At least, not if athletic director Dave Brandon has anything to do with it.
Speaking in Toledo on Friday morning, Brandon reportedly said that the Michigan athletic department "catfished" a few of its own players in an attempt to demonstrate the potential pitfalls of social media. The term "catfishing" refers to taking the online persona of an attractive woman in order to lure gullible men into what they think are serious relationships.
According to Kyle Rowland, a writer for ElevenWarriors.com who attended Brandon's speech, Michigan had an attractive female contact several players using social media. After seeing some of the athletes respond in what he considered "inappropriate" ways, Brandon called them in for a meeting, including a surprise appearance by the woman with whom they had been interacting.
Brandon did not name any of the players involved and did not mention any disciplinary action that would be taken against them, but he did say the Facebook comments were 'wholly inappropriate', according to ElevenWarriors.com. Instead, he stressed to his athletes how easy it can be to get caught up by a sweet-talking new friend with a gorgeous profile picture.
However, a conflicting report appeared in CrainsDetroit.com on Friday, where David Ablauf, Michigan's associate athletic director, said the school did not 'catfish' anyone.
According to the report, the athletic department has a contract with a media consulting company 180 Communications Inc., based in Tallahassee, Fla., to instruct student athletes on the dangers of social media. A female 180 Communications staff member interacts with athletes on Facebook and Twitter, Ablauf said.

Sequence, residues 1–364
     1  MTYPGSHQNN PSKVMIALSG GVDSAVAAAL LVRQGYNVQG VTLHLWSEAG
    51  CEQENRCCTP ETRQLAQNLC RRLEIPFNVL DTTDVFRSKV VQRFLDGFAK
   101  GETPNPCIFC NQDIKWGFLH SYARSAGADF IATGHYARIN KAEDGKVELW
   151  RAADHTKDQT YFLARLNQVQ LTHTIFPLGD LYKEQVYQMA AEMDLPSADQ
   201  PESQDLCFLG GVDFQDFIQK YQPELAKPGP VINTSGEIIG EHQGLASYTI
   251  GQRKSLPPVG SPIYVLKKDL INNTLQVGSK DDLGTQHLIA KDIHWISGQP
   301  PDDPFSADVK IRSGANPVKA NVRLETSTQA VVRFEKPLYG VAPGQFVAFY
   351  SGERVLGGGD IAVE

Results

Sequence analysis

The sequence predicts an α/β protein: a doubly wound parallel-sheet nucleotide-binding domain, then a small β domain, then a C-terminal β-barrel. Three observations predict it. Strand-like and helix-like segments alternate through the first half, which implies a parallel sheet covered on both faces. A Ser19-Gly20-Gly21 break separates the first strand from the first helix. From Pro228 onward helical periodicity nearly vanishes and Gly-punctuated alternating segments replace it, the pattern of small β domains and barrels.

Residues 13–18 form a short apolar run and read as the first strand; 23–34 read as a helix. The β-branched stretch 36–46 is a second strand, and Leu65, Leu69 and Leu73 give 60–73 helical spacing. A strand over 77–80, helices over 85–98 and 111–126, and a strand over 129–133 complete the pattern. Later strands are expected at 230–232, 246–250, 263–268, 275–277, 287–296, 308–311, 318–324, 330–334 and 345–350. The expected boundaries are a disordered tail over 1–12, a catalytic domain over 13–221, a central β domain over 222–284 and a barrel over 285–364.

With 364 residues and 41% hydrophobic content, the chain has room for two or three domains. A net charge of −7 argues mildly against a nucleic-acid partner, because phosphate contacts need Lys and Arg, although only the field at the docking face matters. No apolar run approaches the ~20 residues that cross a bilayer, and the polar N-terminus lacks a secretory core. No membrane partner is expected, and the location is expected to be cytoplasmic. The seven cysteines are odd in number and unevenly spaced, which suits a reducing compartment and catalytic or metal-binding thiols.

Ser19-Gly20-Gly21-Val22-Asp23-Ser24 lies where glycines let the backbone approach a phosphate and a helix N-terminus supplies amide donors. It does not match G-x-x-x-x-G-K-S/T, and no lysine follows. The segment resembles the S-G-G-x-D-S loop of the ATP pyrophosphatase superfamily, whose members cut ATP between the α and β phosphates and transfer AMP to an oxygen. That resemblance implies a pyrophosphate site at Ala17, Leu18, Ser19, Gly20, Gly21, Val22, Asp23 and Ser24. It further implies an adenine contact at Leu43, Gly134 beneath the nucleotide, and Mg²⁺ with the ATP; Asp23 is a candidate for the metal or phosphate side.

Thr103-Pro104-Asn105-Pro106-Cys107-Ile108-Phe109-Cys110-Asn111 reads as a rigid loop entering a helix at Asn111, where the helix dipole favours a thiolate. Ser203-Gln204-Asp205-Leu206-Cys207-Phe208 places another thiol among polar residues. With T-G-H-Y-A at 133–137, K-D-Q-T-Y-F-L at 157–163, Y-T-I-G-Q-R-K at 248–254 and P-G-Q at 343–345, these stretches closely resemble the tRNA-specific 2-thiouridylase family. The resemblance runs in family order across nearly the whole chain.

Ablauf added that while the staffer collects potential embarrassing or damaging information, there was limited to no real interaction with athletes.
"She would go through their accounts and find stuff that was
either in inappropriate for the public or could be misconstrued," Ablauf said.
During a presentation in the fall, the athletes were told what happened.
"As part of their presentation, they introduce her. A lot of our student athletes couldn't believe it because they knew her," Ablauf said. "We would explain to them how what they put out there could do damage to them personally and the Michigan brand."
The presentations were first done in 2011 with the football team and both men's and women's basketball teams, but this past fall, all 900 student athletes took part, Ablauf said.Michigan football coach Brady Hoke addressed the social media issue in January while speaking to a group high school football coaches.
"Before he (Brandon) came in, we gave him 20 Facebook accounts of guys on our team," said Hoke, according to a report in MLive.com. "He had his assistant -- she tried to talk to our guys. 'Hey, what are ya doin'?' Whatever it might be.
"Well, two months later we're in a team meeting and we're on the topic of what you put out there in the cyber universe ... you should have seen 115 guys when that young lady -- she was hot, now; a very, very nice looking young lady -- when she walked into that meeting room, and the guys looking at each other."Although money doesn't seem to have been Ronaiah Tuiasosopo's motive for convincing Te'o that he was really Lennay Kekua, the scam is often used to get the victim to provide cash or other valuable presents to his mythical girlfriend.
While Te'o's story got national headlines because of the way it was used to hype his Heisman Trophy campaign, only to then turn out to be based entirely on lies, the problem is common with athletes. Four Washington Redskins players were duped by a different online persona during the football season, and a quick look on Twitter will show you that many athletes are happy to follow accounts based just on a skimpy wardrobe and a flirty bio.
Brandon's trick might have embarrassed the athletes who fell for online flirtations, but if it keeps them from being humiliated on a national basis, he'll feel that the unusual move paid off.